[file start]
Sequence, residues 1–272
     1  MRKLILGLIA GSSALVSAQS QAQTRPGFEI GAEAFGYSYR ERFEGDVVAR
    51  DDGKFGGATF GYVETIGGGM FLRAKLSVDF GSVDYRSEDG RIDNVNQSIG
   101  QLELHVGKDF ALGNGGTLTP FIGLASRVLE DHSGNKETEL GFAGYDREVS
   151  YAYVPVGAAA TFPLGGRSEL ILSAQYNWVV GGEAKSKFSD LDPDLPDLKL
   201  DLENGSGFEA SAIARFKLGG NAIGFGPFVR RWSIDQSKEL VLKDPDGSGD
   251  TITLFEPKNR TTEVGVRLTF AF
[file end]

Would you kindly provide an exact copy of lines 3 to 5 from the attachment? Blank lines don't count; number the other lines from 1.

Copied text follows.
    51  DDGKFGGATF GYVETIGGGM FLRAKLSVDF GSVDYRSEDG RIDNVNQSIG
   101  QLELHVGKDF ALGNGGTLTP FIGLASRVLE DHSGNKETEL GFAGYDREVS
   151  YAYVPVGAAA TFPLGGRSEL ILSAQYNWVV GGEAKSKFSD LDPDLPDLKL